Presentation Abstract

Neonicotinoid insecticides represent 24 % of the global market, and their use is increasing globally. Among them, clothianidin, imidacloprid, and thiamethoxam are widely used systemic insecticides, but are also used for lawn and garden care, and pest control. Residential usage has been linked to the occurrence of toxic level of pesticides in urban water bodies. Neonicotinoids are highly soluble in water and persistent in soil, and even though they are not intended for use in water bodies, they may enter in the aquatic compartment via spray drift, runoff or leaching, and contribute to downstream aquatic toxicity. Neonicotinoids interfere with the insect nervous system, and exhibit very high selectivity for insect nicotinic acetylcholine receptors. However, although insects appear to be the most sensitive, some studies have shown effects of neonicotinoids on the crustaceans Ceriodaphnia dubia and Daphnia magna, but also on honeybees and bumble bees, flies, and birds. Moreover, neonicotinoid contamination is likely to induce a top-down trophic cascade in a community dominated by invertebrate predators. Very little is known concerning the impact of neonicotinoid mixtures on the environment, and their combined toxicity on invertebrate community. Thus, our study aimed to test the effect of a mixture of imidachloprid, clothianidin and thiamethoxam on an aquatic invertebrate community at concentrations measured in the environment, and explore the community-level effects. The experiment was conducted in outdoor microcosms. The community was sampled before the insecticide application and throughout the month following the treatment. Environmental parameters (water temperature, pH, conductivity, chlorophyll a) were measured in every microcosm on each sampling date. Results will be discussed during the presentation. Keywords: neonicotinoid insecticides, mixture, aquatic invertebrates, community-level

Session Title

Occurrence and impacts of Contaminants of Emerging Concern in the Salish Sea

Keywords

neonicotinoid insecticides, mixture, aquatic invertebrates

Conference Track

SSE3: Fate, Transport, and Toxicity of Chemicals

Conference Name

Salish Sea Ecosystem Conference (Seattle, WA : 2018)

Document Type

Event

SSEC Identifier

SSE3-313

Start Date

5-4-2018 4:00 PM

End Date

5-4-2018 4:15 PM

Type of Presentation

Oral

Contributing Repository

Digital content made available by University Archives, Heritage Resources, Western Libraries, Western Washington University.

Geographic Coverage

Salish Sea (B.C. and Wash.)

Rights

This resource is displayed for educational purposes only and may be subject to U.S. and international copyright laws. For more information about rights or obtaining copies of this resource, please contact University Archives, Heritage Resources, Western Libraries, Western Washington University, Bellingham, WA 98225-9103, USA (360-650-7534; heritage.resources@wwu.edu) and refer to the collection name and identifier. Any materials cited must be attributed to the Salish Sea Ecosystem Conference Records, University Archives, Heritage Resources, Western Libraries, Western Washington University.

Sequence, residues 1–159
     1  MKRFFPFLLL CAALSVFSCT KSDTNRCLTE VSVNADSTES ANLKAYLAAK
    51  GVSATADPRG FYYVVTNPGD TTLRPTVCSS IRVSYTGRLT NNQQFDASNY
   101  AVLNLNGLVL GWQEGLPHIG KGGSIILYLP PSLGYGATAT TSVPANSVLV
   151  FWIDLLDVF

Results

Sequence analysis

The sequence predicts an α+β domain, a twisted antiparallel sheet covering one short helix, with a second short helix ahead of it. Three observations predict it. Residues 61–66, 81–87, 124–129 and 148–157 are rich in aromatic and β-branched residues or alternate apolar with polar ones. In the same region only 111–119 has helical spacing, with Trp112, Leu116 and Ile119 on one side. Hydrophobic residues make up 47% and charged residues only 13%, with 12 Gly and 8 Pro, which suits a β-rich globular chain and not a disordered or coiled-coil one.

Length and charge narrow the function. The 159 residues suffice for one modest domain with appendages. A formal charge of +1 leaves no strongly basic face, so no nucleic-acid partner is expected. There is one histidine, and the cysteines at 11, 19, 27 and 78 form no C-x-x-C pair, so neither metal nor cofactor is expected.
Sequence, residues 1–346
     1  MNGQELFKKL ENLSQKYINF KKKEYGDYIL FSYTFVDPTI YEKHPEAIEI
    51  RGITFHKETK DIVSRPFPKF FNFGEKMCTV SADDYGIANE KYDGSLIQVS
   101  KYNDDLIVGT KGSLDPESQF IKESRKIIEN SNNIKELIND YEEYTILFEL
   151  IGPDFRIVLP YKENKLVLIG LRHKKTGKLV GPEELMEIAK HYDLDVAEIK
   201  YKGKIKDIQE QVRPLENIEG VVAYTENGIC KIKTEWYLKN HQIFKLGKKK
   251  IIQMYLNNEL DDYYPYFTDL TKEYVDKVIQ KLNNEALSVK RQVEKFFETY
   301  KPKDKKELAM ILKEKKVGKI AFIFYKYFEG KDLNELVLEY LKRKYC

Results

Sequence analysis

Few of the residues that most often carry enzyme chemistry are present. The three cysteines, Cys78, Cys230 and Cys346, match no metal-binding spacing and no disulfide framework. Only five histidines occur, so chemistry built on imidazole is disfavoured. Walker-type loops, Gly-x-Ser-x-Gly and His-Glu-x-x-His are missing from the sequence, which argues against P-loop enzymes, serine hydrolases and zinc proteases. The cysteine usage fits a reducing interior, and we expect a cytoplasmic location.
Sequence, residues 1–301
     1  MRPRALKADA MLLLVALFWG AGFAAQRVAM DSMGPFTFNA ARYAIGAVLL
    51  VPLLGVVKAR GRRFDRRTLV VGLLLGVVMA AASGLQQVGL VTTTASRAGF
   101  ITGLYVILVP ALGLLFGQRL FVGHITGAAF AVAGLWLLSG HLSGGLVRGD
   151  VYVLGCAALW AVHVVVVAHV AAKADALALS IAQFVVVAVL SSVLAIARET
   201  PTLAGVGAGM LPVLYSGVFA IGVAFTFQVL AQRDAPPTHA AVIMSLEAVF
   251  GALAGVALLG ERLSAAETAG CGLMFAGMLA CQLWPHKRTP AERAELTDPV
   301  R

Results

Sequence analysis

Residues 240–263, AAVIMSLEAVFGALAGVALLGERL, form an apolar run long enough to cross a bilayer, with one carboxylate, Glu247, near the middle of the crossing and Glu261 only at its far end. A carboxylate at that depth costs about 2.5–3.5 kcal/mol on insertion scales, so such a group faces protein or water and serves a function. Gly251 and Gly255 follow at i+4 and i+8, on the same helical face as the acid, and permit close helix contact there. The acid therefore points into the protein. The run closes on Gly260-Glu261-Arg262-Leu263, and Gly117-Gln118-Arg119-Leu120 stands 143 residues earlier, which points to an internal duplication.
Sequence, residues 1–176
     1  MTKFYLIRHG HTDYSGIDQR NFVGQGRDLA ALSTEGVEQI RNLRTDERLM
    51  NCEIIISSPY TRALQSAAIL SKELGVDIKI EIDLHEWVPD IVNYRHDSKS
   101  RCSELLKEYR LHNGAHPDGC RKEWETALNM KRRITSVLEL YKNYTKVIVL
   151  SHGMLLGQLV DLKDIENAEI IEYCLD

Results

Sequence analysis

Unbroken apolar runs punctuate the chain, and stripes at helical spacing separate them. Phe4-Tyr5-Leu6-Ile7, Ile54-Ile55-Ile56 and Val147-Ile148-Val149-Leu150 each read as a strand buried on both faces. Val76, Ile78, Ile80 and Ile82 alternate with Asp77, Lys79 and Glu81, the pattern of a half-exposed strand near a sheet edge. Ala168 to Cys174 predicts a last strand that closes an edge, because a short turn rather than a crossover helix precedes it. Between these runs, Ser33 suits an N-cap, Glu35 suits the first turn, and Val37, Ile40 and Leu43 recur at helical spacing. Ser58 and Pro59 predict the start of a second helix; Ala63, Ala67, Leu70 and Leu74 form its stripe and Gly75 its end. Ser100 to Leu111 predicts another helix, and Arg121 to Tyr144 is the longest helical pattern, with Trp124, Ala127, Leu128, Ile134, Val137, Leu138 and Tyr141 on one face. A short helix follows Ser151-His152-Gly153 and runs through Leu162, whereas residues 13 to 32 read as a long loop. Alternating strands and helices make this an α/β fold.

Type

text

Language

English

Format

application/pdf

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Apr 5th, 4:00 PM Apr 5th, 4:15 PM

Effects of environmentally realistic concentrations of neonicotinoid insecticides on an aquatic invertebrate community

Neonicotinoid insecticides represent 24 % of the global market, and their use is increasing globally. Among them, clothianidin, imidacloprid, and thiamethoxam are widely used systemic insecticides, but are also used for lawn and garden care, and pest control. Residential usage has been linked to the occurrence of toxic level of pesticides in urban water bodies. Neonicotinoids are highly soluble in water and persistent in soil, and even though they are not intended for use in water bodies, they may enter in the aquatic compartment via spray drift, runoff or leaching, and contribute to downstream aquatic toxicity. Neonicotinoids interfere with the insect nervous system, and exhibit very high selectivity for insect nicotinic acetylcholine receptors. However, although insects appear to be the most sensitive, some studies have shown effects of neonicotinoids on the crustaceans Ceriodaphnia dubia and Daphnia magna, but also on honeybees and bumble bees, flies, and birds. Moreover, neonicotinoid contamination is likely to induce a top-down trophic cascade in a community dominated by invertebrate predators. Very little is known concerning the impact of neonicotinoid mixtures on the environment, and their combined toxicity on invertebrate community. Thus, our study aimed to test the effect of a mixture of imidachloprid, clothianidin and thiamethoxam on an aquatic invertebrate community at concentrations measured in the environment, and explore the community-level effects. The experiment was conducted in outdoor microcosms. The community was sampled before the insecticide application and throughout the month following the treatment. Environmental parameters (water temperature, pH, conductivity, chlorophyll a) were measured in every microcosm on each sampling date. Results will be discussed during the presentation. Keywords: neonicotinoid insecticides, mixture, aquatic invertebrates, community-level